Dijon, France – Over a hundred anti-capitalists have created a nine hectare free district with urban gardens and a free market as they prevent development plans from being constructed. The occupiers are seeking to preserve agricultural land and experiment in collective living while demonstrating horizontal forms of community building.
Presenters from the self-managed Quartier Libre des Lentillères, or Free District of Lentillères, spoke at the Athens Polytechnic University in early June 2018, for the second Networks of Resistance-European Local Struggles Conference.
Watch their presentation (~1 hr, 12 mins):
For the 2017 Networks of Resistance conference reports, see Pt. 1 – ZAD, Bure, Hambach Forest & Pt. 2 – Infrastructure; ExarcheiaNet & Cooperativa Integral
Starting with a protest in the center of Dijon, France, in the midst of a chilly day in 2010, about 150 people embarked for an abandoned lot, cleaned it up, occupied the area, and formed the Lentillères (lentil garden).
Family farms produce 80 percent of world’s food …Only 1 percent of the world’s farms are larger than 50 hectares, but this small group controls 65 percent of the world’s agricultural land, the FAO report said. Farms smaller than one hectare account for 72 percent of all farms, but control only 8 percent of agricultural land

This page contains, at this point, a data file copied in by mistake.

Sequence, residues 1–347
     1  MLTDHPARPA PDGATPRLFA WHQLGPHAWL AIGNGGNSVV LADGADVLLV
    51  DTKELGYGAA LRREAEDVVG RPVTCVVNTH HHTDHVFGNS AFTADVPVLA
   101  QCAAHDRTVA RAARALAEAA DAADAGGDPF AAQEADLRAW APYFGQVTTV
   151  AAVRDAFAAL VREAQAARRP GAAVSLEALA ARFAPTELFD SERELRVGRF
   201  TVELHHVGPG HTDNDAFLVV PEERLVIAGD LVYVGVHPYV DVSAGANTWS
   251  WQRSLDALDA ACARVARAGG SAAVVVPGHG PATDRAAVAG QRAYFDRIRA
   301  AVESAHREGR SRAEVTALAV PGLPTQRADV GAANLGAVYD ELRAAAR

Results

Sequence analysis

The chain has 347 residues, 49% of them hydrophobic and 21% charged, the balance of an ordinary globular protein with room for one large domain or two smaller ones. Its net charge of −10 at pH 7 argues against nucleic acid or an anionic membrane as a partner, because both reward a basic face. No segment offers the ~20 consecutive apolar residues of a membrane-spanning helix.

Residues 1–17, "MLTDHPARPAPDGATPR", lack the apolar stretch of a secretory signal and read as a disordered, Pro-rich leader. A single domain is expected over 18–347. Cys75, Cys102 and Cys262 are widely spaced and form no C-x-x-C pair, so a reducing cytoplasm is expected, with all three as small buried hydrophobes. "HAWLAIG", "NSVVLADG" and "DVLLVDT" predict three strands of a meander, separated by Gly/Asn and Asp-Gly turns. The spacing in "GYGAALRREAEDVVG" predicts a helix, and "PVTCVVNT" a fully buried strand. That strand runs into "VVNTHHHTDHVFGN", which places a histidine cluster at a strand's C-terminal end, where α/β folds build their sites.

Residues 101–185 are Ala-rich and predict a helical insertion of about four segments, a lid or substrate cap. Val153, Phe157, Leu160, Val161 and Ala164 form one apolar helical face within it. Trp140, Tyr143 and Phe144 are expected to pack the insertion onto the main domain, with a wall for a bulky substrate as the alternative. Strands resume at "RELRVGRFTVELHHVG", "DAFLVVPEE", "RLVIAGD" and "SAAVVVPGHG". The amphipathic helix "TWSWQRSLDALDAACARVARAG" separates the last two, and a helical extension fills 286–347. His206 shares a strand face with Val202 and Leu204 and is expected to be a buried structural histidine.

Eight years later, the urban gardens of the Lentillères encompasses a free zone of over nine hectares that is, by its existence, resisting against development projects while demonstrating “another way of being that [is] non-hierarchical and egalitarian and free.”
“[Lentillères is] a mixture of the preservation of agricultural land, the promotion of agricultural land, mixed in with living spaces and collective spaces.” – Presenter from Lentillères
Dijon, the capital of France’s Golden Coast in the Burgundy region famous for wine and monasteries, is an area rich in history and home to 250,000 people. Presenters said that politicians and developers utilize the history to attract investment. The municipality has been busy with plans to modernize Dijon by building new streets, shopping centers, and installing thousands of CCTV cameras. Developers in Dijon now plan to build 15 new housing projects in what they call ‘eco-quarters’ by 2020.
Recent history of anarcho-punk culture from 1980s-90s is also embedded in the city. Massive “anarcho-fun gigs” in the squatted industrial wastelands of Dijon took place in efforts to reclaim space from capitalism.
The more accepting culture of squatting and land defense in France helped lead to the local, socialist-run government of Dijon essentially allowing anti-capitalists and anarchists to take the space they desired with no problems, the presenters said.
The continued occupation of the land by over twelve collectives and more than 100 people living in the Lentillères are now threatened by the second phase of the encroaching ‘eco-quarters’ project. Continue reading “Lentillères Free District: Occupied Urban Gardens Grow Community ZAD”